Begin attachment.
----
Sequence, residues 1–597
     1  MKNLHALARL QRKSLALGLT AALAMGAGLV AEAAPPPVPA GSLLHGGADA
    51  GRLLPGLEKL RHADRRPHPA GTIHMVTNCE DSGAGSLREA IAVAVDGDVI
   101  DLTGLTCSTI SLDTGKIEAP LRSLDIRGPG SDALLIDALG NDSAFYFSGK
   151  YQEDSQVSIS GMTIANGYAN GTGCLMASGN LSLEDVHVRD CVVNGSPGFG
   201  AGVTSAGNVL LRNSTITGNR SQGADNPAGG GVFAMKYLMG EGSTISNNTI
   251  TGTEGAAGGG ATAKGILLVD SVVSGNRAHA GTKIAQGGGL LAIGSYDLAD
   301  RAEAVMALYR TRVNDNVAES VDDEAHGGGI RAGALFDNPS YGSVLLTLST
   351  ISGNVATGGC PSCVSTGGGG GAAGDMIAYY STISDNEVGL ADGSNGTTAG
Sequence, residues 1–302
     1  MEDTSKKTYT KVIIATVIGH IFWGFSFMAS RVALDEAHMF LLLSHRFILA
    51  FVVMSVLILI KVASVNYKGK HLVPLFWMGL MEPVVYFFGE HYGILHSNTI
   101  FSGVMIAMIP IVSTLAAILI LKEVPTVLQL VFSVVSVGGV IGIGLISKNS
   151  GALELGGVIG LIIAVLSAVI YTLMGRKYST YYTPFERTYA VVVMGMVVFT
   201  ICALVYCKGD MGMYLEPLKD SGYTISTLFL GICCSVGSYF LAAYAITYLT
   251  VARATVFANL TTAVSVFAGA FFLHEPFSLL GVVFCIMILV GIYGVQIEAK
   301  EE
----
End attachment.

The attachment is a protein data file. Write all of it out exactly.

Sequence, residues 1–597
     1  MKNLHALARL QRKSLALGLT AALAMGAGLV AEAAPPPVPA GSLLHGGADA
    51  GRLLPGLEKL RHADRRPHPA GTIHMVTNCE DSGAGSLREA IAVAVDGDVI
   101  DLTGLTCSTI SLDTGKIEAP LRSLDIRGPG SDALLIDALG NDSAFYFSGK
   151  YQEDSQVSIS GMTIANGYAN GTGCLMASGN LSLEDVHVRD CVVNGSPGFG
   201  AGVTSAGNVL LRNSTITGNR SQGADNPAGG GVFAMKYLMG EGSTISNNTI
   251  TGTEGAAGGG ATAKGILLVD SVVSGNRAHA GTKIAQGGGL LAIGSYDLAD
   301  RAEAVMALYR TRVNDNVAES VDDEAHGGGI RAGALFDNPS YGSVLLTLST
   351  ISGNVATGGC PSCVSTGGGG GAAGDMIAYY STISDNEVGL ADGSNGTTAG
Sequence, residues 1–302
     1  MEDTSKKTYT KVIIATVIGH IFWGFSFMAS RVALDEAHMF LLLSHRFILA
    51  FVVMSVLILI KVASVNYKGK HLVPLFWMGL MEPVVYFFGE HYGILHSNTI
   101  FSGVMIAMIP IVSTLAAILI LKEVPTVLQL VFSVVSVGGV IGIGLISKNS
   151  GALELGGVIG LIIAVLSAVI YTLMGRKYST YYTPFERTYA VVVMGMVVFT
   201  ICALVYCKGD MGMYLEPLKD SGYTISTLFL GICCSVGSYF LAAYAITYLT
   251  VARATVFANL TTAVSVFAGA FFLHEPFSLL GVVFCIMILV GIYGVQIEAK
   301  EE